Amee and Jess Ellsworth chose to negotiate with the gas company and have now been silenced, compelled to sign a non-disclosure agreement. I checked in with Amee recently to see how she was doing. She said, with regret in her voice, “I can’t talk to you about gas.” She can no longer talk on the record about what happened to her. I don’t know the details, but I do know that she is still being delivered water by the company. She cannot speak to me or anyone about the gag order she was compelled to sign, I found out from a third party. She had to trade her silence for water. At that moment, the truth lost a very powerful and articulate voice. Without water, you cannot sell your  property, and without water you cannot stay on your property. Amee and Jesse’s backs were against the wall; they took the only way out of the nightmare. They sold their first amendment rights for water.

In Dimock, the water problems continue. Cabot Oil and Gas is supplying water to 32 families as ordered by PA DEP, (up significantly from the 4 families that John Hanger notes in the film). In Hickory PA, replacement water is rampant, with some reports stating that over 200 families are receiving replacement water in exchange for non-disclosure agreements. Why should people have to sign an NDA to get clean water after a multi-billion-dollar corporation contaminates their water? Is it right for people to have to trade their silence for what should be their right?

CONCLUSION on biogenic or thermogenic gas:

Whether the gas is determined biogenic or thermogenic, we believe the citizens when they say the problem happened post-drilling and post-fracking. Testing of the drinking water in Dimock prior to drilling showed no gas of any kind in any significant quantities.  The industry is using this biogenic/thermogenic distinction, often with the collusion of state agencies who are not properly investigating, to dispute citizen’s claims of contamination, but it has no basis in science.



fracking is EXEMPT from the Safe Drinking Water Act - pH commie

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it's affectionately known as the Halliburton loophole.

Holy Cow! How did that happen? - Astonished

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3 words: Dick Cheney, Halliburton - pH commie
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When people talk about fracking and drinking water "data" it's an unfortunate and total obfuscation of the truth, thanks to Public Law 109-58, which EXCLUDES fracking from the Safe Drinking Water Act. It's a horrible shame, and I think relatively few citizens are aware of this exclusion.

Here are two good articles on fracking and the exclusion known as the Halliburton loophole:

Halliburton Loophole: http://www.nytimes.com/2009/11/03/opinion/03tue3.html

Exaggerated Safety Findings: http://www.nytimes.com/gwire/2011/05/20/20greenwire-frack-studys-safety-findings-exaggerated-bush-65374.html

Here is the text of Public Law 109-58 (page 102):

Paragraph (1) of section 1421(d) of the Safe Drinking Water Act (42 U.S.C. 300h(d)) is AMENDED to read as follows:

(1) UNDERGROUND INJECTION. The term âunderground injectionâ
(A) means the subsurface emplacement of fluids by well injection; and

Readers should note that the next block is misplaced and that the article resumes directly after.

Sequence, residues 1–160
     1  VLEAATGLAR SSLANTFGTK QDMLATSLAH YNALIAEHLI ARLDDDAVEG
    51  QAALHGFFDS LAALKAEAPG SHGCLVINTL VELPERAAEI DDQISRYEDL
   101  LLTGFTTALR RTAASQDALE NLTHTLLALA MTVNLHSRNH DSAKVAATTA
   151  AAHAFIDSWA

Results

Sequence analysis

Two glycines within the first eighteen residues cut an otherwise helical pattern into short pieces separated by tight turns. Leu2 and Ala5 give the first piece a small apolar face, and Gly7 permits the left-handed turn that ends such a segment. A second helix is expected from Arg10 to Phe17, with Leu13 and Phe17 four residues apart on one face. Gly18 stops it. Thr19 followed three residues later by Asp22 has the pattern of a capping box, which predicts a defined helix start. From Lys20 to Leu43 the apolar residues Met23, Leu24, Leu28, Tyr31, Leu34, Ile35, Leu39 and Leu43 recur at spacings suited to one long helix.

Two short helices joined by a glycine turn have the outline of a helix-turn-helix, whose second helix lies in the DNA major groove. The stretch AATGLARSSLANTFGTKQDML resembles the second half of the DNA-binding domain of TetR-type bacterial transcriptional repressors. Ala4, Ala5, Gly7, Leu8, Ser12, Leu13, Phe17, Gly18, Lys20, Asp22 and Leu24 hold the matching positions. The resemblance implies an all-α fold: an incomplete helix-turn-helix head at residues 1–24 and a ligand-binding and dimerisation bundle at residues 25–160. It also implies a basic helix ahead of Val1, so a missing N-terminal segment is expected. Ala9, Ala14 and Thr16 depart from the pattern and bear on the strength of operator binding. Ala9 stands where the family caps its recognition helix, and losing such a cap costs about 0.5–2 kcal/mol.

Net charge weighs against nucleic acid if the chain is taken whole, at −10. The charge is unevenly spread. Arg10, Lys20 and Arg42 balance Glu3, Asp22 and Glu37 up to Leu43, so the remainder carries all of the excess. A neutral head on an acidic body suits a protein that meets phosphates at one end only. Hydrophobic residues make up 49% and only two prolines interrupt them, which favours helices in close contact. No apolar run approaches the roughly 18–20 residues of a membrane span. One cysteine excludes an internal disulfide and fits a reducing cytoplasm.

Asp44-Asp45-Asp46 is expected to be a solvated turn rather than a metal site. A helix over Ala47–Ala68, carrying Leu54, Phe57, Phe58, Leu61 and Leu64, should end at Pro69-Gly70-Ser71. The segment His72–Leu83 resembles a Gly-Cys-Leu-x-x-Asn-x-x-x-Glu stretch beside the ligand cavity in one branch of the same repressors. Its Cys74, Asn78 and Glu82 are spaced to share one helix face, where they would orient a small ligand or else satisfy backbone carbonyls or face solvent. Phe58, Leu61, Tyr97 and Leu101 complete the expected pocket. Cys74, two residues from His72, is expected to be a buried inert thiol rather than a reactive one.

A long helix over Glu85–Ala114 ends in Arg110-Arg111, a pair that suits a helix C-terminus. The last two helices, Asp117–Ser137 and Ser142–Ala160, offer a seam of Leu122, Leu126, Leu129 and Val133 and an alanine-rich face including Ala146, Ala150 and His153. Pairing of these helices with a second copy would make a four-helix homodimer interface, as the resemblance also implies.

(i) the underground injection of natural gas for purposes of storage; and
(ii) the underground injection of fluids or propping agents (other than diesel fuels) pursuant to hydraulic
fracturing operations related to oil, gas, or geothermal production activities.

Public Law 109-58: http://www.gpo.gov/fdsys/pkg/PLAW-109publ58/pdf/PLAW-109publ58.pdf
Thank you for the links. - Astonished
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Much appreciated :-)
your're so welcome - pH commie
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it's such a troubling issue. There's a very illuminating documentary called "Gasland" that you might be interested in. I watched it on Netflix.

Still on the fence - Fanatical Husseincommie

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Natural gas is definitely preferable to coal and oil air pollution wise, but fracking is still a tough pill to swallow. We need more time and independent research before we go whole hog on fracking. It could be a viable way to ease our way a little bit out of dependence on foreign fuels, but it's methods and the science behind it are questionable. Most of the people with statements against it have unverified claims about its dangers, but most of the research data for it is by the industry itself. I wouldn't live too close to a fracking operation. The entire world is running out of water and they are wasting and potentially poisoning a great deal of it.

Plus, I see as one more excuse by the fossil fuels industry to not wean off the stuff. They keep doing that. Shale oil, fracking, deep crust coal mining, arctic floor drilling. Each method more expensive and damaging than the last all for a resource that is gonna go quick.

I agree with you being on the fence. - Truthhurts

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I'm "sort of" on the fence too but the industry did come out with data on the chemicals and how much of each they use.

Some of the PA fracking operations are using mine water and/or water from quarry's made from strip mining, which is good because you can't swim in a drained quarry (some can be as deep as 50 feet).

I hadn't heard that - Fanatical Husseincommie

[ In Reply To ..]